At the other end of the scale sits South Korea. Dividend cover of 4x in 2018 was almost double the global median. China and Japan also maintain high cover, at 3.4x and 3.1x respectively. In all three countries, this has come down over the years as dividend-paying becomes part of the investment culture.


Cover varies widely from sector to sector too. Each sector has its own dynamic across the economic cycle, is at a different level of maturity or is encountering disruptive forces. As a result, dividend cover varies accordingly.

Dividend Cover, median, by industry

Technology companies hardly paid any dividends ten years ago, though their profitability was rising fast; their dividends are now catching up. The result is declining dividend cover from a very high base, though even now it’s still well above the average. Dividend cover has contracted for the telecoms sector too, but in this case because profits have been falling even as dividends have continued to rise, heralding payout cuts to come.


Sectors with steady, stable earnings can sustain dividends at much lower cover levels than those whose profits are more sensitive to the economic cycle. This is why tobacco and utilities maintain such low dividend cover, at 1.3x and 1.5x respectively in 2018. By contrast, oil companies and banks have high dividend cover in the good times, and low cover in bad times.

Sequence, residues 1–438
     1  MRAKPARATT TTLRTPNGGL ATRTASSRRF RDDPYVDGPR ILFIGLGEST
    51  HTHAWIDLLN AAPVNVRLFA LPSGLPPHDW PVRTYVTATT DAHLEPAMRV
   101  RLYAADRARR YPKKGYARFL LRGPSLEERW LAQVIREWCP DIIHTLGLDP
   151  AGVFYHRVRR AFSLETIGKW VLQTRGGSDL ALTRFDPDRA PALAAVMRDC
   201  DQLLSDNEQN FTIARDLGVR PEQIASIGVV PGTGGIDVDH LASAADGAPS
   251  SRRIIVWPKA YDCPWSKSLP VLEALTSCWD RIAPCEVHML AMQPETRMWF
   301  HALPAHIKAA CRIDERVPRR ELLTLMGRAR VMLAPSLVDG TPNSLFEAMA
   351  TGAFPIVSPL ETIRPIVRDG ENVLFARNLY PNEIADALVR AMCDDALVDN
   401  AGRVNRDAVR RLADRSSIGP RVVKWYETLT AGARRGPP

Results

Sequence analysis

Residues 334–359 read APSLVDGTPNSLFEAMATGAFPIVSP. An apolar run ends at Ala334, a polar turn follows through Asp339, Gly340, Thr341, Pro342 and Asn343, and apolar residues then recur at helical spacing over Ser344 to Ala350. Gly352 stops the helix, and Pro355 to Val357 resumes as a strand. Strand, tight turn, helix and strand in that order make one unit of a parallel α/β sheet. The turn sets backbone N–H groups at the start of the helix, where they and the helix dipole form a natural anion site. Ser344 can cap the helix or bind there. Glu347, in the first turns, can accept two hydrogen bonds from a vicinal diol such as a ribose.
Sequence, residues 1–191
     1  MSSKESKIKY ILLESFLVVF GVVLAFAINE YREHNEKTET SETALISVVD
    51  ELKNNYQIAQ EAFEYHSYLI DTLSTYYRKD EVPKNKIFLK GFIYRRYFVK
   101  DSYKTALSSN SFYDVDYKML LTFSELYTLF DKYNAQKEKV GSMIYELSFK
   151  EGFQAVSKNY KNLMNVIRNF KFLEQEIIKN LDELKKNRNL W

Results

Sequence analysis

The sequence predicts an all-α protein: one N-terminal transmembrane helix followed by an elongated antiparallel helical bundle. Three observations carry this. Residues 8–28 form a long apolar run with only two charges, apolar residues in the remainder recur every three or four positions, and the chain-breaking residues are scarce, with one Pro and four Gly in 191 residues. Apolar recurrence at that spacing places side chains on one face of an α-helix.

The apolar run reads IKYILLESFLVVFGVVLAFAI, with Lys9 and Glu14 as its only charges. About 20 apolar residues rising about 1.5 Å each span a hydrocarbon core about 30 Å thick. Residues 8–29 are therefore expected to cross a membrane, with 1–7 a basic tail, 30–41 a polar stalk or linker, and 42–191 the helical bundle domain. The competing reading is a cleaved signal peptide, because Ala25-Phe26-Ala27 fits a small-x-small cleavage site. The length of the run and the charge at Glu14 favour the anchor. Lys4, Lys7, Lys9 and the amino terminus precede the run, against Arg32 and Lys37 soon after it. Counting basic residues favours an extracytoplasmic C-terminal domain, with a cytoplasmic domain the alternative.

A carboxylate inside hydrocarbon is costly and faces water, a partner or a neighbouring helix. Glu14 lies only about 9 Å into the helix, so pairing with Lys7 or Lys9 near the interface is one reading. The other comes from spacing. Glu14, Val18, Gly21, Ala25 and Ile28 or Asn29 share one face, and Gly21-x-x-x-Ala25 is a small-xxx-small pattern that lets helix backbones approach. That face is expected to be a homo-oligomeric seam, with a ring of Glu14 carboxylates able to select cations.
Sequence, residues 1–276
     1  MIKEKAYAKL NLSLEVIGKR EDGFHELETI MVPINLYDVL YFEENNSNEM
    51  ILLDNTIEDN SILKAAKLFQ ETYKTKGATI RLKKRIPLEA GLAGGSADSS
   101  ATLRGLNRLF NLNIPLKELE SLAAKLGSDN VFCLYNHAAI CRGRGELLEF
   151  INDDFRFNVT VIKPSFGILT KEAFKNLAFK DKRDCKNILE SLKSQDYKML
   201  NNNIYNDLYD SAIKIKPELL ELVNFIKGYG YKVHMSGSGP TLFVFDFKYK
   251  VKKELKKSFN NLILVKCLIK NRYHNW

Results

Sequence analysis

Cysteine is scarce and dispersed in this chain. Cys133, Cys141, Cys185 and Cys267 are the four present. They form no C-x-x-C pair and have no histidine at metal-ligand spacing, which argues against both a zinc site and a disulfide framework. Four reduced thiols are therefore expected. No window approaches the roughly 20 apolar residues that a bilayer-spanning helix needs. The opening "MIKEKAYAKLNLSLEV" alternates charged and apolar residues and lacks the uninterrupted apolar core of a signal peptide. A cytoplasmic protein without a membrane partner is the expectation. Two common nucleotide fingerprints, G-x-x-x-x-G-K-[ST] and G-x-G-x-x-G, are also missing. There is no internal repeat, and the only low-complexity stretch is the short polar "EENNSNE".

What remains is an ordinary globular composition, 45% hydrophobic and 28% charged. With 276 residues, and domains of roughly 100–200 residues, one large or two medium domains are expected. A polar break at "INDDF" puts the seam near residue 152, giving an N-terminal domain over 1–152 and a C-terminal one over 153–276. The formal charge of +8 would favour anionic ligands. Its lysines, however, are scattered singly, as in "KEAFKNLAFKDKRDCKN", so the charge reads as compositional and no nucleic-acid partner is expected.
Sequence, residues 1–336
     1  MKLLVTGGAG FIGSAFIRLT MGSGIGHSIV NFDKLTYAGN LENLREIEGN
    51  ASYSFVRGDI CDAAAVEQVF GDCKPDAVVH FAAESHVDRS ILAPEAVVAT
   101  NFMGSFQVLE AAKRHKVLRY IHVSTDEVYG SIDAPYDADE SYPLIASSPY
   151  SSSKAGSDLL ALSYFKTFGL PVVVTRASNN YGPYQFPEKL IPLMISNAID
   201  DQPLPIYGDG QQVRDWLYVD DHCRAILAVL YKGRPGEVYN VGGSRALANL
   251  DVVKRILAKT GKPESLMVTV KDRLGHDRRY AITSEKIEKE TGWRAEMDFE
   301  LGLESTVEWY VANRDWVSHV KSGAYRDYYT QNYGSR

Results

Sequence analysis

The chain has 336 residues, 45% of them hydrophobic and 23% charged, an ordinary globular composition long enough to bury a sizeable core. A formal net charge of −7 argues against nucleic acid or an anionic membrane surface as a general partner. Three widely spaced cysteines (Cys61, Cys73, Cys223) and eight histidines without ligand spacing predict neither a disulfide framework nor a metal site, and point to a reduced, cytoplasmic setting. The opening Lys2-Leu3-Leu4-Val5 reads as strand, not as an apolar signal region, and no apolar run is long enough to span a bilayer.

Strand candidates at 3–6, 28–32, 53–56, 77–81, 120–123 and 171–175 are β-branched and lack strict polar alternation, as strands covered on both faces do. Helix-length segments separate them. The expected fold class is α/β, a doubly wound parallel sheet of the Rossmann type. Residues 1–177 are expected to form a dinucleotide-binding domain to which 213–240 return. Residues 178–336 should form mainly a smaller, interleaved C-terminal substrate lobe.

Ben Lofthouse, Fund Manager of Henderson International Income Trust said: “If a company’s profits are growing over the long term, then its dividends can grow sustainably too – meaning not just income for investors but capital gains too. Dividend yields are very attractive compared to prevailing interest rates, but investors need to tread carefully. Our research shows that dividends from approximately one fifth of the world’s companies as featured in the Janus Henderson Global Dividend Index are potentially unsustainable, especially if the global economy weakens. At potential turning points like this, an active approach to fund management is a great way of avoiding the potential dividend traps and focusing on those companies best able to provide stable, sustainable income over the long term.


“Typically, dividend cover rises quickly as an economy turns upwards. A long economic expansion is then associated with a steady decline in cover ratios as companies loosen the purse strings. And finally, an economic contraction causes sudden drops in dividend cover, before the process begins again.


“We are not concerned about falling dividend cover because it was unnecessarily high in the past in some sectors and some parts of the world. Our analysis does indicate, however, that some countries and sectors are healthier than others.


“By taking an international approach to investing, income is better covered by profits, and better diversified across different industrial sectors, and between economies at different stages in the economic cycle and in their development.”